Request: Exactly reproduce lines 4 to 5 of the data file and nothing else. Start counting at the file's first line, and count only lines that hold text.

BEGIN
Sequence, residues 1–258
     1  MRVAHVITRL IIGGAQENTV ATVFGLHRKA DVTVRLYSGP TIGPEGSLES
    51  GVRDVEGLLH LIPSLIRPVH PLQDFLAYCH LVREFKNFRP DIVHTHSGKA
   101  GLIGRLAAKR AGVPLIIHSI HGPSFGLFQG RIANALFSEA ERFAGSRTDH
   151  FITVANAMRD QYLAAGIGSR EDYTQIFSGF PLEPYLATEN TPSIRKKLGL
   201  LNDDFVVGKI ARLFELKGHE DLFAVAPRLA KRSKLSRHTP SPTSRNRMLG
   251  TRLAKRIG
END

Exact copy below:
   101  GLIGRLAAKR AGVPLIIHSI HGPSFGLFQG RIANALFSEA ERFAGSRTDH
   151  FITVANAMRD QYLAAGIGSR EDYTQIFSGF PLEPYLATEN TPSIRKKLGL